Million Hearts: Description of the National Surveillance and Modeling Methodology Used to Monitor the Number of Cardiovascular Events Prevented During 2012-2016 [Epidemiology]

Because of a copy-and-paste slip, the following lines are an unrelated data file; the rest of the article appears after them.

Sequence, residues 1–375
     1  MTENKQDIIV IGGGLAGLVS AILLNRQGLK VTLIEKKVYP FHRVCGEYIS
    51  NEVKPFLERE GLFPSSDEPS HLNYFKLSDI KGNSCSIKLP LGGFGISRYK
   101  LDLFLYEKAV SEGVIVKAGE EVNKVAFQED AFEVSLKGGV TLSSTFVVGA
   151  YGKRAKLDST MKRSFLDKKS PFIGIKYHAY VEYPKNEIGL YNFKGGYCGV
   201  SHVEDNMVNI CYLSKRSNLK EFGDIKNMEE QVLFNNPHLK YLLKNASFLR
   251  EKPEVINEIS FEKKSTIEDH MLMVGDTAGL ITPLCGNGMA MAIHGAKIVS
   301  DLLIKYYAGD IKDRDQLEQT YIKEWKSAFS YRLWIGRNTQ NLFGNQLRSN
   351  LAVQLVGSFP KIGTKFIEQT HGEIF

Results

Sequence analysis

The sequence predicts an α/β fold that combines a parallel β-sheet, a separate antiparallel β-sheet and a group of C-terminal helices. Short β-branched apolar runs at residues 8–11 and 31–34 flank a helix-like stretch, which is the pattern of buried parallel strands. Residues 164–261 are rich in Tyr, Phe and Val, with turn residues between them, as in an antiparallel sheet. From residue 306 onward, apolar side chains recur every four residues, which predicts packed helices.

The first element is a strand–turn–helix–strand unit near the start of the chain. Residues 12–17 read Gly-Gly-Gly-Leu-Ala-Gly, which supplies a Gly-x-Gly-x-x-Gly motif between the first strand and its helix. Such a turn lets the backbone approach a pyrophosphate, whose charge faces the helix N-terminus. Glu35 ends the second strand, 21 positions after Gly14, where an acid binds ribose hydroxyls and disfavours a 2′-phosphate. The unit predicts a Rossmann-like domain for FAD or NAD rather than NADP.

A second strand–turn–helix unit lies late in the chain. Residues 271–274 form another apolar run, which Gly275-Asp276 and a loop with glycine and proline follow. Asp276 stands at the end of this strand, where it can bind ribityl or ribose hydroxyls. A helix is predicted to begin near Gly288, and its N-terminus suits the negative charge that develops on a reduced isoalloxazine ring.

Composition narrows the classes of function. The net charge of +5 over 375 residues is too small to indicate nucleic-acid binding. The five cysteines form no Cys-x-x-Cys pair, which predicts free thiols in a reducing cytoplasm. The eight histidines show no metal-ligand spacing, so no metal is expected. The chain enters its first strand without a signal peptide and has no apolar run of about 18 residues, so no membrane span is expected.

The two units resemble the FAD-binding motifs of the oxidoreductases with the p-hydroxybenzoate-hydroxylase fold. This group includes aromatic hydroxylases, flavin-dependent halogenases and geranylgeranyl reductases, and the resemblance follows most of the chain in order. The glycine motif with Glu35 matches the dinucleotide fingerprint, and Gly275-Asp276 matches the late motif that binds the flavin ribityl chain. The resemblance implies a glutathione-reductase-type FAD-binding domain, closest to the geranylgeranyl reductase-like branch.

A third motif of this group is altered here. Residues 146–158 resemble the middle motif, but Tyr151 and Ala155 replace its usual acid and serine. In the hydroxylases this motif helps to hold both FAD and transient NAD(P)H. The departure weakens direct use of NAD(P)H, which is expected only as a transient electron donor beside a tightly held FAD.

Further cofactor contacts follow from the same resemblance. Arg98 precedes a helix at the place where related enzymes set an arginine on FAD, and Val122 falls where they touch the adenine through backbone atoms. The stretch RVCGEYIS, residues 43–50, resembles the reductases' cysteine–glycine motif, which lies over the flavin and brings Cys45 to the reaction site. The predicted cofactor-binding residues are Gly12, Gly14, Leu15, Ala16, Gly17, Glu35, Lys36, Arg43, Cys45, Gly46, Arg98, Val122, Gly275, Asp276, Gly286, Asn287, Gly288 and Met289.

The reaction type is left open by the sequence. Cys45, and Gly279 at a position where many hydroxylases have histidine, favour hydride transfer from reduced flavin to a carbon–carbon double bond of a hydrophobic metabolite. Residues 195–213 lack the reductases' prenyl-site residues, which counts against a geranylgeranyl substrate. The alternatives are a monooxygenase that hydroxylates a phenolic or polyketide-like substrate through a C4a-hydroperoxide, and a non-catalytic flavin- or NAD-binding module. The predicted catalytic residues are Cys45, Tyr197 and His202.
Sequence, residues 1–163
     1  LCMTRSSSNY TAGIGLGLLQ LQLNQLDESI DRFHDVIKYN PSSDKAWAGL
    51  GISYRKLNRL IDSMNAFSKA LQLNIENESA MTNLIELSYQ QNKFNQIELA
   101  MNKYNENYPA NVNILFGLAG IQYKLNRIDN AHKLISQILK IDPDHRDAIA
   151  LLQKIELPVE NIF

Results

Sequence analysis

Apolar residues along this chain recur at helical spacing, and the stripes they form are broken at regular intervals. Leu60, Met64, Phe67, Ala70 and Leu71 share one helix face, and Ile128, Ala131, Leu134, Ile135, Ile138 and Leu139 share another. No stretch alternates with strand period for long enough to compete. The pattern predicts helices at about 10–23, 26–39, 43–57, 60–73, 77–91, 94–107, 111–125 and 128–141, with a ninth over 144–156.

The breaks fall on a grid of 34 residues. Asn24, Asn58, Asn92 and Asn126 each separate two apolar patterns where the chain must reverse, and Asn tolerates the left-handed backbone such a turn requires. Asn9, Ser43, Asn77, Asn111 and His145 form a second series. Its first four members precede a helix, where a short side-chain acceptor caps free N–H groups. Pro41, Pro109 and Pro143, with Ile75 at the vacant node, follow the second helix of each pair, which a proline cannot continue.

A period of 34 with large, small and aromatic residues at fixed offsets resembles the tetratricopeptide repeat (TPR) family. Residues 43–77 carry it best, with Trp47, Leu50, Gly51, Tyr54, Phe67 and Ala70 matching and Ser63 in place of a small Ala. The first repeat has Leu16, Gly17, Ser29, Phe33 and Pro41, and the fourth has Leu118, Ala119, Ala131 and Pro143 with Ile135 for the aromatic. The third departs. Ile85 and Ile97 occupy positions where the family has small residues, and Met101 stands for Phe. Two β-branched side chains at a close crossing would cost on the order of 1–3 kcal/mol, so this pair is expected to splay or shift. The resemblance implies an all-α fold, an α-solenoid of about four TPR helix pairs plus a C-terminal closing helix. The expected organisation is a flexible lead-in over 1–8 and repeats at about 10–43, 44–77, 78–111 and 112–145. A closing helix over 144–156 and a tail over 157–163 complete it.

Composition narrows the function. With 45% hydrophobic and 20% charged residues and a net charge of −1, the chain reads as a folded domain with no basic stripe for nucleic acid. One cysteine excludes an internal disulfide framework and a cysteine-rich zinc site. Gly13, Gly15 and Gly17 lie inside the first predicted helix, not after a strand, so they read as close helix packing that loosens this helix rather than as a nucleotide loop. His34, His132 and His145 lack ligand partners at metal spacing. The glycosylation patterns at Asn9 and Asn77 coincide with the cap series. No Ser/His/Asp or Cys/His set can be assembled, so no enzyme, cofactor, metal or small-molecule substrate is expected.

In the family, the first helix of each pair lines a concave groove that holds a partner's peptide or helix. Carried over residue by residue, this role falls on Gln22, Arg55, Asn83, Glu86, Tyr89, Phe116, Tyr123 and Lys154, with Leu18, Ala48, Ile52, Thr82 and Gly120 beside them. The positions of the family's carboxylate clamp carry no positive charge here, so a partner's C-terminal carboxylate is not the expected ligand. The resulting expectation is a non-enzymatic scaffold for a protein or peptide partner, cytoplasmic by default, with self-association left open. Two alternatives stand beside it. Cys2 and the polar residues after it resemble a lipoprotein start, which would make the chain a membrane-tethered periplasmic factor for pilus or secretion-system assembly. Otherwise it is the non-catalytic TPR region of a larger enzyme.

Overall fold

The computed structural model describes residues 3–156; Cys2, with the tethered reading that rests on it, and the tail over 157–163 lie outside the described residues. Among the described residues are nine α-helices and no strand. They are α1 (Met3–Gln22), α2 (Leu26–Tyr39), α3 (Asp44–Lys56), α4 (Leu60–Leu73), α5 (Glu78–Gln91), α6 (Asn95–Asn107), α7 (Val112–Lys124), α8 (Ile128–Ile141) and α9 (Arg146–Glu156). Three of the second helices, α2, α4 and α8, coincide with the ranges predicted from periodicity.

BackgroundThis study describes the national surveillance and modeling methodology developed to monitor achievement of the Million Hearts initiative’s aim of preventing 1 million acute myocardial infarctions, strokes, and other related cardiovascular events during 2012–2016.Methods and ResultsWe calculate sex‐ and age‐specific cardiovascular event rates (combination of emergency department, hospitalization, and death events) among US adults aged ≥18 from 2006 to 2011 and, based on log‐linear models fitted to the rates, calculate their annual percent change. We describe 2 baseline strategies to be used to compare observed versus expected event totals during 2012–2016: (1) stable baselines assume no rate changes, with modeled 2011 rates held constant through 2016; and (2) trend baselines assume 2006–2011 rate trends will continue, with the annual percent changes applied to the modeled 2011 rates to calculate expected 2012–2016 rates. Events prevented estimates during 2012–2013 were calculated using available data: 115 210 (95% CI, 60 858, 169 562) events were prevented using stable baselines and an excess of 43 934 (95% CI, −14 264, 102 132) events occurred using trend baselines. Women aged ≥75 had the most events prevented (stable, 76 242 [42 067, 110 417]; trend, 39 049 [1901, 76 197]). Men aged 45 to 64 had the greatest number of excess events (stable, 22 912 [95% CI, 855, 44 969]; trend, 38 810 [95% CI, 15 567, 62 053]).ConclusionsAround 115 000 events were prevented during the initiative’s first 2 years compared with what would have occurred had 2011 rates remained stable. Recent flattening or reversals in some event rate trends were observed supporting intensifying national action to prevent cardiovascular events.

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